The 1985 Session Laws state that N.C.G.S. § 136-27.1 should apply “only to State highway improvement projects let to contract after July 1,1985.” This portion of the session laws was not codified. The defendant claims that the legislature intended that the statute only apply to situations where the state has contracted for the project to be performed, and not in situations, as here, where the project is performed by state personnel and equipment. Although the session laws may indicate the legislature’s intent in passing a statute, if a strict literal interpretation of the language of a statute conflicts with the purpose of the legislature, the purpose of the statute should control. In re Hardy, 294 N.C. 90, 95, 240 S.E.2d 367, 371 (1978). Here, a strict literal interpretation of the language in the session laws would override the clear legislative intent to require the Department of Transportation to pay for non-betterment costs due to relocation of sewer and water lines by nonprofit corporations as a result of a state highway improvement project. Therefore, there is no requirement that the project be “let to contract.”
*309  Plaintiff contends that the work done on highway 222 was a “highway improvement project” within the meaning of N.C.G.S. § 136-27.1. “In construing the language of statutes we are guided by the primary rule of construction that the intent of the Legislature controls.” In re Hardy, 294 N.C. at 95, 240 S.E.2d at 371. “Unless the contrary appears, it is presumed that the Legislature intended the words of the statute to be given the meaning which they had in ordinary speech at the time the statute was enacted.” Lafayette Transp. Serv., Inc. v. County of Robeson, 283 N.C. 494, 500, 196 S.E.2d 770, 774 (1973) (citations omitted). Webster’s Dictionary defines “improvement” to mean “the enhancement or augmentation of value or quality: an increasing of profitableness, excellence, or desirability.” It is unclear from the record exactly what work was done to highway 222. If a larger or improved drain pipe was constructed in its place, this would be considered an improvement. The only description in the record of the work performed on highway 222 is that it was work performed to replace a “blown out” storm drain pipe. Thus, there remained a material issue of fact as to whether the work done on highway 222 was actually work that was an improvement. We hold that the trial court erred in granting summary judgment as to that claim and remand the case to determine whether or not the work was an “improvement” or merely “repair or maintenance.”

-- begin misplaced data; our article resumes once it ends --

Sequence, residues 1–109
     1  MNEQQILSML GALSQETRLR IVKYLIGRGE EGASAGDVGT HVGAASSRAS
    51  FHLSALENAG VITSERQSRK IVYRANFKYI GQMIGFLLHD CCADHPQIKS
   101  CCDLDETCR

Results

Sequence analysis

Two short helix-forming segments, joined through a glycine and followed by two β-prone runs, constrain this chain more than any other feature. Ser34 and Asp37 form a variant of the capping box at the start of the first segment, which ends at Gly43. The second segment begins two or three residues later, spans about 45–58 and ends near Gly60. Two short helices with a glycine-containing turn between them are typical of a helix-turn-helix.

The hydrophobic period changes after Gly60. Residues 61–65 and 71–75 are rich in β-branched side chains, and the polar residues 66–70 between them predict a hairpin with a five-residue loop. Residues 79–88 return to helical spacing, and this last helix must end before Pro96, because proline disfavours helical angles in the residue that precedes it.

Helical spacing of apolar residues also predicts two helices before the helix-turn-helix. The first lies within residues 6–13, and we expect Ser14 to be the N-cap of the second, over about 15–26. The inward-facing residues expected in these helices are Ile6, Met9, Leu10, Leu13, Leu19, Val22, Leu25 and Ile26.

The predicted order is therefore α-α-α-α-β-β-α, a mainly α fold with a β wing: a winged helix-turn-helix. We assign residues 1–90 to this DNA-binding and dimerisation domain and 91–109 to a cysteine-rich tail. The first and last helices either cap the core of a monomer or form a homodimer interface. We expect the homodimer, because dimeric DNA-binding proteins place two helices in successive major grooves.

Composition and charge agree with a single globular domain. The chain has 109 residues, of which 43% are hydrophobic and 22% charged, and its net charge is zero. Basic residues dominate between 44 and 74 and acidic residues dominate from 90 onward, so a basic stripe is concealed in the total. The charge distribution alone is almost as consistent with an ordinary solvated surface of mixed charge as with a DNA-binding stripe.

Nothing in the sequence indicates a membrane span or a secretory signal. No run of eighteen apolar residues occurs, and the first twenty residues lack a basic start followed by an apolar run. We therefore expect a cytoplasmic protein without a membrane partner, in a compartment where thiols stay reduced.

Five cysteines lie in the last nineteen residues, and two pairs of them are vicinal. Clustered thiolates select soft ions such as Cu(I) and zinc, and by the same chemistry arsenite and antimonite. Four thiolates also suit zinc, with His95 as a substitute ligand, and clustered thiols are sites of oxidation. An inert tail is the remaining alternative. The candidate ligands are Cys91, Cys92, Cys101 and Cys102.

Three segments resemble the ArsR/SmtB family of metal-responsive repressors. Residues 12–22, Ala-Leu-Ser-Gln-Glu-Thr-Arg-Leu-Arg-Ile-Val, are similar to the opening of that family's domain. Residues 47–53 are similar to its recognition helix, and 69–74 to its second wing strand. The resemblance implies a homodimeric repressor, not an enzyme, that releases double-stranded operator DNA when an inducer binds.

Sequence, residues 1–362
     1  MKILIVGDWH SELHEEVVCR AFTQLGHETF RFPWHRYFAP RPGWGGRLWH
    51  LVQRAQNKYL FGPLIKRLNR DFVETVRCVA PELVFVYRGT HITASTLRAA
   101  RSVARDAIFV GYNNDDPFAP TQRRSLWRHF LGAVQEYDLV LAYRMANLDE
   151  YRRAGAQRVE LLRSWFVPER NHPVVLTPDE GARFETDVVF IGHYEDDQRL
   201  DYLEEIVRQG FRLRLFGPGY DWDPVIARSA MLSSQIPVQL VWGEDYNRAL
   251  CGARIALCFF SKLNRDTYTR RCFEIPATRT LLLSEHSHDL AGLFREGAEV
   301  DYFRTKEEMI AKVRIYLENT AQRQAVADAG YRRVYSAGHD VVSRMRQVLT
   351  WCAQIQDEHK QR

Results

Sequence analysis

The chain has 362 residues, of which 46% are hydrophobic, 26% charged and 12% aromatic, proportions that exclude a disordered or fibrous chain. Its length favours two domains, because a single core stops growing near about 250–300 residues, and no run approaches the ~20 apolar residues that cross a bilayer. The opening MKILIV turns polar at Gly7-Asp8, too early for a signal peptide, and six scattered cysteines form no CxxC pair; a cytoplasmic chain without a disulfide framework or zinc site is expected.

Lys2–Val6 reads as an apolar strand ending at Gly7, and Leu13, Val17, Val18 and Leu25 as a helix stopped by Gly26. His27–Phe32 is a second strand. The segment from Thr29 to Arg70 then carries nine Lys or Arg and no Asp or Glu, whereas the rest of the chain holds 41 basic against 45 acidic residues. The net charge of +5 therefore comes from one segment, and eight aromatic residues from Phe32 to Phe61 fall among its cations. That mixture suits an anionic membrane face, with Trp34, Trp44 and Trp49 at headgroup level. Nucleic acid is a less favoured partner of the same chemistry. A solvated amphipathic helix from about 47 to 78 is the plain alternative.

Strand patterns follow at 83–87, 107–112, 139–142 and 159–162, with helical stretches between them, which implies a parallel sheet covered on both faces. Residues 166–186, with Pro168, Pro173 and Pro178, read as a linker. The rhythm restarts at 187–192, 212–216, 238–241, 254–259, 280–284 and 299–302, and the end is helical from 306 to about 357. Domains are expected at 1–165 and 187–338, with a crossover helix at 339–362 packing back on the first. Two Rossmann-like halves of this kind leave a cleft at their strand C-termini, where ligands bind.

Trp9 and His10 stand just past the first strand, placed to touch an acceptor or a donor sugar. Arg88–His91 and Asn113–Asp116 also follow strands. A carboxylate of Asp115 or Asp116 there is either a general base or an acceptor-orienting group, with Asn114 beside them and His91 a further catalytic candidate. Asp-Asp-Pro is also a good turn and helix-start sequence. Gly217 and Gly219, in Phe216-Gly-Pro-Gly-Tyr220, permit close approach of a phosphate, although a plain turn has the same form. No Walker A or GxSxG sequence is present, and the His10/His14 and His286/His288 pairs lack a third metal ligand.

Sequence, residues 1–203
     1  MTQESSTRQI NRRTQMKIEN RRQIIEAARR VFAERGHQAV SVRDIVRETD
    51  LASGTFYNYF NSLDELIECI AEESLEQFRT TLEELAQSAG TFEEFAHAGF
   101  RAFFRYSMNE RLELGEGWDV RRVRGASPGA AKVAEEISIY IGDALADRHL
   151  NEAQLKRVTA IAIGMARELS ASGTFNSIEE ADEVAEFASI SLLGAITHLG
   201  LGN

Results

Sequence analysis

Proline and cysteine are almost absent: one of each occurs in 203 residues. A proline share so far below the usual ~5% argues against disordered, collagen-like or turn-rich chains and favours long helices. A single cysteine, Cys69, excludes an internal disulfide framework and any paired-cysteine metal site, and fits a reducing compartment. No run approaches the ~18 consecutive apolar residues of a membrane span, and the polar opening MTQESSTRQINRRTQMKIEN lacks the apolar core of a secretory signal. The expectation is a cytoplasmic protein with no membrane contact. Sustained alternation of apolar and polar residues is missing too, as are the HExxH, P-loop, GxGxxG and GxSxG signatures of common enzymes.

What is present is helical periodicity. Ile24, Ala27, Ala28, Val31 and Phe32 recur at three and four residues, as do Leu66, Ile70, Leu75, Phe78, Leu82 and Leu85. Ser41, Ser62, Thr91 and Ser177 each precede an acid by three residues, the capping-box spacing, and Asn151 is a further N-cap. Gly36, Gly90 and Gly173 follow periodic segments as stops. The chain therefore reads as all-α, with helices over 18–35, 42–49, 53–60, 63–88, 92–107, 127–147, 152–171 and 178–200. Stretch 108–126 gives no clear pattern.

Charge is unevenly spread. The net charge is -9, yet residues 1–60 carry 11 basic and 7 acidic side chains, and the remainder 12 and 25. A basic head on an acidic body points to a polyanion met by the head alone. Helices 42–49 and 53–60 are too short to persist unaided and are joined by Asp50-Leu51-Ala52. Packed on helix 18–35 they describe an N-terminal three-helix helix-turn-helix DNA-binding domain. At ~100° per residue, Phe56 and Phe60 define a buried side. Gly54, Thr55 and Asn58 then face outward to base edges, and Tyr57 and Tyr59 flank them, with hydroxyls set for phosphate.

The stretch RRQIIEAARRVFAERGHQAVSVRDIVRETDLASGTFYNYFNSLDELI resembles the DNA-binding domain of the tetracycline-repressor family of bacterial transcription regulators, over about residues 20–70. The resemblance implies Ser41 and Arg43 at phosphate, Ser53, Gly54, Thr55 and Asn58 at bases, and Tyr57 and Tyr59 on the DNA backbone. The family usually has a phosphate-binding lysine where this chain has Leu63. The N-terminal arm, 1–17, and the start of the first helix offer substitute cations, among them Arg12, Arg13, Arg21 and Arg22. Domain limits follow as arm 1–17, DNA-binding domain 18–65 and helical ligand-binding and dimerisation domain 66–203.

The plaintiff contends that the trial court erred in ordering that the defendant determine the non-betterment costs for state roads 1124 and 1262 in light of the fact that plaintiff submitted an uncontradicted affidavit as to the costs. The affidavit of the president of Bell Arthur Water Corporation stated that the business records reflect that the total necessary non-betterment costs for highways 1124 and 1262 were $11,985.00 and $6,666.75, respectively. Rule 56(e) provides that “[supporting and opposing affidavits shall be made on personal knowledge, shall set forth such facts as would be admissible in evidence, and show affirmatively that the affiant is competent to testify to the matters stated therein.” N.C.G.S. § 1A-1, Rule 56(e). Plaintiff’s affidavit stated that he was familiar with the projects in question and that he had reviewed the business records before giving his affidavit. The defendant presented no contradicting affidavit. We hold that the plaintiff adequately met his burden. The trial judge should have also entered summary judgment in plaintiff’s favor with respect to the costs as indicated in the plaintiff’s affidavit.